On February 25, 2005, the Office of Police Complaints (OPC) hosted a delegation of nine criminal justice professionals from Uzbekistan that included judges, prosecutors, lawyers, defense attorneys, and government investigators. OPC staff met with the group as part of a training program sponsored by the US Department of Justice (DOJ). A representative of the US Embassy in Tashkent, Uzbekistan, also participated in the OPC session.
OPC Executive Director Philip Eure, Deputy Director Thomas Sharp, Chief Investigator Clifford Stoddard, Assistant Chief Investigator Kesha Taylor, and Public Affairs Specialist Melanie Deggins presented information to the Uzbek delegation on the role of the District's police accountability office and the importance of similar agencies throughout the United States.
OPC's presentation included an explanation of how the agency investigates, mediates, and adjudicates police misconduct complaints, and also emphasized the significance of its community outreach program in educating the public about police accountability and OPC's services.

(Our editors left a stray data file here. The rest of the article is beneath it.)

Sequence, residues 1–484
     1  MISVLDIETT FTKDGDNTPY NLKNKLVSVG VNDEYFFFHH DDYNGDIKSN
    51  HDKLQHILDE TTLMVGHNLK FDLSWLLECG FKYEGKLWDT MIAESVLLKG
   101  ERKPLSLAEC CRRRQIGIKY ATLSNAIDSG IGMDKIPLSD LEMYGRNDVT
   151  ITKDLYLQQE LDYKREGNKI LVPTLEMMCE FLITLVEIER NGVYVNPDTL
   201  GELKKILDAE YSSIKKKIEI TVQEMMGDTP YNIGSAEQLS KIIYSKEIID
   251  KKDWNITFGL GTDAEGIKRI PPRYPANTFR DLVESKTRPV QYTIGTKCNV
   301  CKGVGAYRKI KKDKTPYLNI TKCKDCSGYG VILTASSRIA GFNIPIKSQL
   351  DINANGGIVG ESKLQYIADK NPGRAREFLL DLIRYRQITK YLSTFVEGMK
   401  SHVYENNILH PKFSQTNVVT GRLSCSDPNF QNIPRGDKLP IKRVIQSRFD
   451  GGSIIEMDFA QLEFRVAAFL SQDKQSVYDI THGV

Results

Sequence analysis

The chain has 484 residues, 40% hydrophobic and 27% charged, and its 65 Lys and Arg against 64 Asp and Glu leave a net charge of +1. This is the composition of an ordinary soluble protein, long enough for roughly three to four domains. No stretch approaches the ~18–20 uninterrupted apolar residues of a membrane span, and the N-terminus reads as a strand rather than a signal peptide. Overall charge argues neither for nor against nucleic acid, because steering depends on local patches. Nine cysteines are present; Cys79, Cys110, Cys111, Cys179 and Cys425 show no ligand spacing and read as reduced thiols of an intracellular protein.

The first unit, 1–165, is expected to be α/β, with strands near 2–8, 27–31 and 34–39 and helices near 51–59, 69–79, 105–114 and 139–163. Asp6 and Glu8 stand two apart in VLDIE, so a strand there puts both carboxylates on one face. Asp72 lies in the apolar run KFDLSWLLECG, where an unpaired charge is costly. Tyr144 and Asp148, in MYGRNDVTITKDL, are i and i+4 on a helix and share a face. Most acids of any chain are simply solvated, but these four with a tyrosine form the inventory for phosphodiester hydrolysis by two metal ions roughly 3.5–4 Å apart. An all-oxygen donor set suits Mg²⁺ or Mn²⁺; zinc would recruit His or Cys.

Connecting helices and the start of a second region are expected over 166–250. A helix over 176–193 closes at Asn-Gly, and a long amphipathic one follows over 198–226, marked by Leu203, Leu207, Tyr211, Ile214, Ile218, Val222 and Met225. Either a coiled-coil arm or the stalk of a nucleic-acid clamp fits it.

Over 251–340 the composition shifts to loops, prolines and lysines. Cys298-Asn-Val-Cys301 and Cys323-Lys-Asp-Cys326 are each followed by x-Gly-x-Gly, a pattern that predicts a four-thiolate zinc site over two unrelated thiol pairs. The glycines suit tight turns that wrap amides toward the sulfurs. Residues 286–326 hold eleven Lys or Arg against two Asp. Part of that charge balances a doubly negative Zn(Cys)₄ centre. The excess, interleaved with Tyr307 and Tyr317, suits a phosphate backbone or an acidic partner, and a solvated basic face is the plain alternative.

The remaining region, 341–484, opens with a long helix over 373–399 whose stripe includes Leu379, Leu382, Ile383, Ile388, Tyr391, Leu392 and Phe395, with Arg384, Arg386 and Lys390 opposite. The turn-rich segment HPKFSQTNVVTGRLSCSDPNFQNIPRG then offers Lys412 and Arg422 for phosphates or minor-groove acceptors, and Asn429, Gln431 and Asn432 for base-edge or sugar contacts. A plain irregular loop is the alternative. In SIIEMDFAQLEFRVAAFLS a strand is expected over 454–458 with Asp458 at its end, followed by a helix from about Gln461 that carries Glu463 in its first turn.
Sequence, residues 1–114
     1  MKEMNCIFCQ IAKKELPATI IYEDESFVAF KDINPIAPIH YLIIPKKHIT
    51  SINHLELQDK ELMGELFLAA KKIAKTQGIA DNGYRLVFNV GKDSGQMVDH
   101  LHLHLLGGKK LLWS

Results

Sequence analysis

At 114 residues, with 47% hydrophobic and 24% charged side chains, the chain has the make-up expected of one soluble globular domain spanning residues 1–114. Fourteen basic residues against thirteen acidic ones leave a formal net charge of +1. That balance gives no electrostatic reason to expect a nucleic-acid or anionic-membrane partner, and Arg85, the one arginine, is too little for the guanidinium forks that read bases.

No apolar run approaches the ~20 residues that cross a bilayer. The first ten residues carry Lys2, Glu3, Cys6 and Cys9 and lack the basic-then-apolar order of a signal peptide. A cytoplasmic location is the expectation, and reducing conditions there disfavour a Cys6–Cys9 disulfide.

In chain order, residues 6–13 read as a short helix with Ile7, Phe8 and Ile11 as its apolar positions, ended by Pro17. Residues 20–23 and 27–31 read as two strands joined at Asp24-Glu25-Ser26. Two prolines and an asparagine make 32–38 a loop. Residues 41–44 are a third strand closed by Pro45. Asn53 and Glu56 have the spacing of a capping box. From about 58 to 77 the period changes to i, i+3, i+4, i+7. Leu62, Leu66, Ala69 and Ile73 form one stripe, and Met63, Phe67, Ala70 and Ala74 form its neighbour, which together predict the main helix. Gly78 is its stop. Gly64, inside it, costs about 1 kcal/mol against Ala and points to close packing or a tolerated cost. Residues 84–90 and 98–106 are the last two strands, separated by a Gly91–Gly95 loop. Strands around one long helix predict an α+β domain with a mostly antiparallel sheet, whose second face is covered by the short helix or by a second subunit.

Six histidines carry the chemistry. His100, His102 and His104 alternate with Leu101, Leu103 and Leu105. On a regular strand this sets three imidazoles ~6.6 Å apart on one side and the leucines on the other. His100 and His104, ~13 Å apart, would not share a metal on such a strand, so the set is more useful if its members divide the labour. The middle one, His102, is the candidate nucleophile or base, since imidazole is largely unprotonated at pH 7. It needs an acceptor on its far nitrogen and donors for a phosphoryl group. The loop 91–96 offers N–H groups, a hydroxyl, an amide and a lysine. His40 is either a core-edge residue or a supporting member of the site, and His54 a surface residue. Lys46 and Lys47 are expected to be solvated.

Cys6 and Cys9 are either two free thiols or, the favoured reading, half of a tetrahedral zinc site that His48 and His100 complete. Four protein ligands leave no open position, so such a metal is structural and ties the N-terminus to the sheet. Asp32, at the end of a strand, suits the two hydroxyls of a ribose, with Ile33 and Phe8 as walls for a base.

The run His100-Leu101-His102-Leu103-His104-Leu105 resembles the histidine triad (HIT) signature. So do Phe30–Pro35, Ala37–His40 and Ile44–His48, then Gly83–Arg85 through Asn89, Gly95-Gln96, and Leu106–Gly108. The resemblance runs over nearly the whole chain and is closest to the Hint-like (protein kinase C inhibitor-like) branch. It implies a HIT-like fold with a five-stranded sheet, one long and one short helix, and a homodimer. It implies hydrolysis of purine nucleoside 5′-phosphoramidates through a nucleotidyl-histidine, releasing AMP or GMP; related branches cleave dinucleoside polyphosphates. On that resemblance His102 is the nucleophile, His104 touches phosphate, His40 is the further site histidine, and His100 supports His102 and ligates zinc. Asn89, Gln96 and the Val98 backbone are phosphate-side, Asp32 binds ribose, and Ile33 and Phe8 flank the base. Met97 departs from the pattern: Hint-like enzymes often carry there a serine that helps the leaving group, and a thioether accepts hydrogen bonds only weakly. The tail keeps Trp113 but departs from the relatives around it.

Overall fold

DOJ organized the Uzbek delegation's training program, entitled "US-Uzbek Exchange: Balancing Law Enforcement Priorities and Human Rights Guarantees," through its Office of Prosecutorial Development, Assistance and Training (OPDAT). During their weeklong visit to the United States, the Uzbeks planned to meet with American counterparts in Washington, DC, and Puerto Rico, as well as with law enforcement officials, legislators, academics, human rights activists, and representatives of non-governmental organizations.
The training program is part of an ongoing effort by the United States to improve the legal and judicial systems in Uzbekistan and other emerging democracies through exposure to American legal practices and international norms.
Uzbekistan, which was part of the former Soviet Union, established its independence on September 1, 1991. The country, slightly larger than the state of California, has a population of 26 million.